<snip>

Personally, I like the aggression. I think they make for snappy horses for heeling and awesome for going down the fence and circling in the cow horse, however it makes boxing a little of a challenge.
I don't mind if a horse is a bit afraid of cows, either. They are watching well and quickly learn that their movement controls the cow/cattle. Not a bad thing at all.

I also can work with a bit of aggression.
     
    04-15-2013, 07:39 PM
  #16
Banned
I like for them to have real cow sense and watch the cow and react to the cows movement correctly. I can't stand a cattle aggressive horse alls it is compensating for its lack of reaction to the cow.. I have no use for it. --my opinion.

As for a rope horse-- I don't want them chasin my cow off. They need to be linin me up not runnin off a cow, lol.


There. Is a big difference in a horse that runs off snortin, and a horse that doesnt want to get horned. Ones smart the other is irrational, lol.
flytobecat, COWCHICK77 and boots like this.
     
    04-15-2013, 08:15 PM
  #17
Green Broke
Yes, there is a difference between running off scared and getting out of the way of hot, mad steer! LOL!

I agree you don't want them just chasing cattle but lining you out, that's where the training comes in. Same with one that wants to peel out. My hubby's favorite trick for those, flip his slack over to the opposite side of the neck, sit on his coils and let things come tight, in a hurry...LOL, they stay lined out after a couple of good jerks!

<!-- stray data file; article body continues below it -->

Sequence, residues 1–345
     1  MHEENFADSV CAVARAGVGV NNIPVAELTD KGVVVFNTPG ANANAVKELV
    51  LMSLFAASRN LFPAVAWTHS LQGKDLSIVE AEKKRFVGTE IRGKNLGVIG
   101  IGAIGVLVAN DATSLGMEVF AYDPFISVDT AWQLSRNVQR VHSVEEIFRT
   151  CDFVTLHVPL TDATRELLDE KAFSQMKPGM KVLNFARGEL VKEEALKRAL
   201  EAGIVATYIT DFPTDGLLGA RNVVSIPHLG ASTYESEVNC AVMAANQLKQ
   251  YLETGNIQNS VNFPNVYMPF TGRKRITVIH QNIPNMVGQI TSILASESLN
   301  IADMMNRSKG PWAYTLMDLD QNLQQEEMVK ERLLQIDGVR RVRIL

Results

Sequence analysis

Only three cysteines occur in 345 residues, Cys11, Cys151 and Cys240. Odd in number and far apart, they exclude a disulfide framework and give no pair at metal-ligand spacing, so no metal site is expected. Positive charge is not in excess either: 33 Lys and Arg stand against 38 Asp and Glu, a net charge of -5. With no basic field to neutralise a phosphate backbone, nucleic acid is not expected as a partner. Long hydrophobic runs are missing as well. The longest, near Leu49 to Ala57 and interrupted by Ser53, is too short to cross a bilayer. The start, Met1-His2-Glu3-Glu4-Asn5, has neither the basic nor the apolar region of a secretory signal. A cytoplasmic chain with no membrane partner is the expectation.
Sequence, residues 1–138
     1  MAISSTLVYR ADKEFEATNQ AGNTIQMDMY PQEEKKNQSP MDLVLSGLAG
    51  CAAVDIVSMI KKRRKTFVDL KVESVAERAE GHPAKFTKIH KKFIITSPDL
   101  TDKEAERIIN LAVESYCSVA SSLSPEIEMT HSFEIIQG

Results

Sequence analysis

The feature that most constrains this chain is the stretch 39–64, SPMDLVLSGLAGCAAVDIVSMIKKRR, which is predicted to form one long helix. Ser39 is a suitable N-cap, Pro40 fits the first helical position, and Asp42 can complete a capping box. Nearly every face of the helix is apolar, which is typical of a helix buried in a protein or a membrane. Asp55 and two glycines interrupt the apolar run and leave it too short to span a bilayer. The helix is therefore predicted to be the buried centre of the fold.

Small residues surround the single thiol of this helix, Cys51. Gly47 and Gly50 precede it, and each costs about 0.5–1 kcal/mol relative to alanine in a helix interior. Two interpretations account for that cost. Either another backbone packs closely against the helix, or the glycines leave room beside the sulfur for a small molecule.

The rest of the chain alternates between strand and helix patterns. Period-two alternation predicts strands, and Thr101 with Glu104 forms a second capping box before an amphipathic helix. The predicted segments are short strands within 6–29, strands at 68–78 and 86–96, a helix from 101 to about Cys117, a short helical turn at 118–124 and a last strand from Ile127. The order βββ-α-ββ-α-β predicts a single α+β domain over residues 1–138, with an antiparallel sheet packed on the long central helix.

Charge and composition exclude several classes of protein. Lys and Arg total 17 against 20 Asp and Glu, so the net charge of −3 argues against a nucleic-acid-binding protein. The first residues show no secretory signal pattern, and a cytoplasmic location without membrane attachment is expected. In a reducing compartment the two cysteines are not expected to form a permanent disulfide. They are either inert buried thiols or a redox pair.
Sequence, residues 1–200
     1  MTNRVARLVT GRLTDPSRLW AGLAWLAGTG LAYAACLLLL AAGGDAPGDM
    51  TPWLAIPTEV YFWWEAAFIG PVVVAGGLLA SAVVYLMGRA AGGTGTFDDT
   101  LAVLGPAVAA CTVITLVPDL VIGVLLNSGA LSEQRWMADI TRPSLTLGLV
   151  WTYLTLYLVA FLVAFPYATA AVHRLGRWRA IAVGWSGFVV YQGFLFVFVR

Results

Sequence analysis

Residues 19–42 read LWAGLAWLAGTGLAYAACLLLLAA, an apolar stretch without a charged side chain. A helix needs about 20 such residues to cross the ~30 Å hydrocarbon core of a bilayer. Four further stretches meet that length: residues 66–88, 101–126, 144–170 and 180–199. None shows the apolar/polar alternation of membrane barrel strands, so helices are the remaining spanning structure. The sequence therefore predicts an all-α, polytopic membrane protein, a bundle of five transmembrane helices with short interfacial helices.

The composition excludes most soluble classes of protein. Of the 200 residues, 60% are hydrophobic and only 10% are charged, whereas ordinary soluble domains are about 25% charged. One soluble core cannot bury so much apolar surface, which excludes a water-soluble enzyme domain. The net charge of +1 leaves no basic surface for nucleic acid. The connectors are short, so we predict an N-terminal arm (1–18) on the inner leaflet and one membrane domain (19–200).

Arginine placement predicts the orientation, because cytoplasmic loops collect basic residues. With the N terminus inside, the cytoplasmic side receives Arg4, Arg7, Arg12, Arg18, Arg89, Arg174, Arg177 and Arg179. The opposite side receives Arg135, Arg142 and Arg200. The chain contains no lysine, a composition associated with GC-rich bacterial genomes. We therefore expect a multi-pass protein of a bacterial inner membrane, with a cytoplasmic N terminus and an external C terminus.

boots and toto like this.
     
    04-15-2013, 09:29 PM
  #18
Foal
My paint mare will chase a cow. But I sure wouldn't ride her to work them. She just chases them because she is a witch and she can.
     
    04-15-2013, 11:05 PM
  #19
Green Broke
Quote:
Originally Posted by toto    

There. Is a big difference in a horse that runs off snortin, and a horse that doesnt want to get horned. Ones smart the other is irrational, lol.
I had a grey gelding that darn near climbed out of the corral/arena the first few times I got him near cattle. I thought he might be a bit too spooky to ever make a decent horse.

His next several Sundays were spent standing outside the arena while others practiced roping. Hours of it. A bunch of us took turns riding his spooks and bringing him back to the fence, all while we acted like he hadn't done anything weird.

He became a pretty good ranch horse. And training him for doctoring was very easy.

He was lucky we had the time to work him through that. Otherwise, who the heck could have used him? We're in Wyoming, for pete's sake! I wouldn't have even been able to give him to a trail rider. "You bet. He rides real good. But if he sees a cow..."
     
    04-16-2013, 12:17 AM
  #20
Yearling
This colt is only a year old but I want to get him into something once of age. His bloodlines has a little bit of every western sport in it, so I'm not exactly relying in that to tell me if he would be a good cow horse. But with the way he watches the cows makes me curious as to maybe that is the direction we should go.